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Trail Notes

Trail Notes: 10/13/2019

Posted 5:58 PM

Remembering Our Baptism

In this second week of our “Season of Creation” observance here at St. Dunstan’s, our focus turns to that most basic element necessary for life – water. We know that roughly 60% of the average adult body is comprised of water, and neither we nor our planet can survive without adequate hydration. (We need only look at our own lawns over these past few weeks to be reminded of this sobering reality.) And yet even today, in 2019, it is estimated that 663 million people around the globe do not have access to clean drinking water.[1] This is a justice issue, as developing countries are disproportionately impacted by the water crisis to an extent that so-called “first world” nations are not. In 2010, the UN General Assembly recognized “the right to safe and clean drinking water and sanitation as a human right that is essential for the full enjoyment of life and all human rights.”[2]

As Christians, we promise in our Baptismal Covenant to “strive for justice and peace among all
people, and respect the dignity of every human being” (Book of Common Prayer, p. 305). Our faith compels us to consider, prayerfully, our responsibility to protect and preserve all of God’s Creation, but particularly the gift of water. While none of us in isolation can effect the magnitude of change required to resolve this global crisis, neither can we turn away from our brothers and sisters in such desperate need. What, then, are we to do?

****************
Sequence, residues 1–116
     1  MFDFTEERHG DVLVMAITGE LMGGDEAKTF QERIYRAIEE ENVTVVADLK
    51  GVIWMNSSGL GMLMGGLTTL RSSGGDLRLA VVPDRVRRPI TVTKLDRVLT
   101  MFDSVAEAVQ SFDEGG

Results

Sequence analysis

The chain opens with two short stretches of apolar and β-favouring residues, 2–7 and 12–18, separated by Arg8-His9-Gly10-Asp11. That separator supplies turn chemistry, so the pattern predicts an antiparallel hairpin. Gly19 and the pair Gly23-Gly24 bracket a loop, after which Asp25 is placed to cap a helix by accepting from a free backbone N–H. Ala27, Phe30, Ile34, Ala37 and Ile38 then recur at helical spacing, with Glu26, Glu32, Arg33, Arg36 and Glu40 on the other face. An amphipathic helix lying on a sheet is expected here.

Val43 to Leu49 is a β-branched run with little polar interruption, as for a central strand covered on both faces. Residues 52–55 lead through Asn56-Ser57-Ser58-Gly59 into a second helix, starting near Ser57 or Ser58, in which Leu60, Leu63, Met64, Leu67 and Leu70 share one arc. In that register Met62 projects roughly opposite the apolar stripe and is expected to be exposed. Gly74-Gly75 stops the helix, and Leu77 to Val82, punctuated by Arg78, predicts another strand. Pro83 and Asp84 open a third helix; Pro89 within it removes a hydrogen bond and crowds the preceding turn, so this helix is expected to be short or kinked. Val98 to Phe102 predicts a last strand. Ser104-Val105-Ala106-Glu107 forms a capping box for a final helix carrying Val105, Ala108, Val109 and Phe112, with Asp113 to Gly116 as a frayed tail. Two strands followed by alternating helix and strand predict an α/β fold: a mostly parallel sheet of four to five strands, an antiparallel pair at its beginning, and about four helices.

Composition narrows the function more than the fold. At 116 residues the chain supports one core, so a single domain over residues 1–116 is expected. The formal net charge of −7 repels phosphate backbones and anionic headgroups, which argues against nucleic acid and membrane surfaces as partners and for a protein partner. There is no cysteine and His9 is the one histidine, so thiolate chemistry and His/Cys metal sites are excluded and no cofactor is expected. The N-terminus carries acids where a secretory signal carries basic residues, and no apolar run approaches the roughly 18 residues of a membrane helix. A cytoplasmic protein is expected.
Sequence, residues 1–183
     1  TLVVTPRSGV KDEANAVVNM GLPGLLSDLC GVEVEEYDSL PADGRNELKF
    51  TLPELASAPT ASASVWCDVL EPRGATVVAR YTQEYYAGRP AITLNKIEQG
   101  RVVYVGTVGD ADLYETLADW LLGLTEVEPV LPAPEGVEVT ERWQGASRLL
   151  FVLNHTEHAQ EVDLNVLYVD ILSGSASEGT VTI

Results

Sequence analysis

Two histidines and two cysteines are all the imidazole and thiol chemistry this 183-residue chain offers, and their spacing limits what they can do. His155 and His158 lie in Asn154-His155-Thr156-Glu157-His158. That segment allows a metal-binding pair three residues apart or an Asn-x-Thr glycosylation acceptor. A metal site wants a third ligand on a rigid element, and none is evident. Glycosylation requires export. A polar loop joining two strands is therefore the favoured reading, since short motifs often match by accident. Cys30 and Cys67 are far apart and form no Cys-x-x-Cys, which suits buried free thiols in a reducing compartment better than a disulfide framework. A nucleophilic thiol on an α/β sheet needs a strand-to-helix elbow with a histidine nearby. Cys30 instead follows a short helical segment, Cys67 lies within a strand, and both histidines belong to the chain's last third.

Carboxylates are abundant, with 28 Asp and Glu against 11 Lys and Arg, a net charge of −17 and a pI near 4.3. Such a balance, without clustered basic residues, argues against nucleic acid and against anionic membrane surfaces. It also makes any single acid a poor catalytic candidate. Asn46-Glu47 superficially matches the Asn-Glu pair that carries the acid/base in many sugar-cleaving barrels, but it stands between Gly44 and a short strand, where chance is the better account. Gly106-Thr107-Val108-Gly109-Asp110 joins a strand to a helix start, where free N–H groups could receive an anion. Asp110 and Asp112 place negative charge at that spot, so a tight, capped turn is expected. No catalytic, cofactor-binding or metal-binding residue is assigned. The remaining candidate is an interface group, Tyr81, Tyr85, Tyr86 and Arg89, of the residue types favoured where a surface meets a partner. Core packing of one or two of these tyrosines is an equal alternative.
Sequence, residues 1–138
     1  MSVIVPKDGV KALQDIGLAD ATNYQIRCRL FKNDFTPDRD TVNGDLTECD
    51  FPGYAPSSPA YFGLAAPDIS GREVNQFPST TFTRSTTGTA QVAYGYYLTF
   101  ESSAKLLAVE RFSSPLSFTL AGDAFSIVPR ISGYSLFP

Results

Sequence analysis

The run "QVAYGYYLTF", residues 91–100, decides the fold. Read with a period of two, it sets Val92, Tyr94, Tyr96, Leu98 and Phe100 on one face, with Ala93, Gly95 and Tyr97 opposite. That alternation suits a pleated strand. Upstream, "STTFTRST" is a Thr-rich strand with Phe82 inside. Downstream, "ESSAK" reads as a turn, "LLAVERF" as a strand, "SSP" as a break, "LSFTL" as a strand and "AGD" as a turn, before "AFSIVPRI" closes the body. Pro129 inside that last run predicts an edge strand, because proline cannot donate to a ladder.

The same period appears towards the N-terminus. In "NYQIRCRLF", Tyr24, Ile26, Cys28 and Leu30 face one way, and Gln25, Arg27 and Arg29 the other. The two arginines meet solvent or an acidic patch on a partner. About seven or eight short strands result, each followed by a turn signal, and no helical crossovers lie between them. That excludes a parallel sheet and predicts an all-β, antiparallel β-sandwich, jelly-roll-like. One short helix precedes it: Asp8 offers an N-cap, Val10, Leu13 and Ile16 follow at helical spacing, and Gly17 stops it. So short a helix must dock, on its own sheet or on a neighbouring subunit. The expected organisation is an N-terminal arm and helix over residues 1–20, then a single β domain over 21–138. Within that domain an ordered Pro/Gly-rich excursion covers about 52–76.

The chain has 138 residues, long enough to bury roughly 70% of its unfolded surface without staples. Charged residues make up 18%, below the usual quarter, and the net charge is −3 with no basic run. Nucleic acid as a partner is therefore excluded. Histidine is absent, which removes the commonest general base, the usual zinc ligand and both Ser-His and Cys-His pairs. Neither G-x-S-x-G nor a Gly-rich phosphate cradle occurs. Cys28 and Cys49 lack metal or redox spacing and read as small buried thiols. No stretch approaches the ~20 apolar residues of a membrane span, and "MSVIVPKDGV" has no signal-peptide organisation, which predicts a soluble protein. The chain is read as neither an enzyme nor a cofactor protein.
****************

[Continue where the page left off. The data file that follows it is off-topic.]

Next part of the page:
I do not have the answer to this question, but I urge us as a parish to think and talk and pray about it – and then to act. At the very least we can begin by reexamining our own habits of consumption, and we also can consider supporting organizations actively engaged in a ministry of relief throughout the world. I commend the Gifts for Life campaign of Episcopal Relief and Development, through which one can provide clean water for an individual or family for a relatively nominal cost. There are, of course, many worthy agencies doing this critical work, and I encourage you to find the way to contribute that makes sense for you. Most importantly, please join me in praying for a sustainable solution to this devastating problem.

This Sunday, we will renew our own baptismal vows and ask God for the strength and guidance to fulfill them. I look forward to wading in those waters with you as together we seek to do God’s will in our world.

Your Sister in Christ,



[2] UN Resolution 64/292, “The human right to water and sanitation” (28 July 2010)

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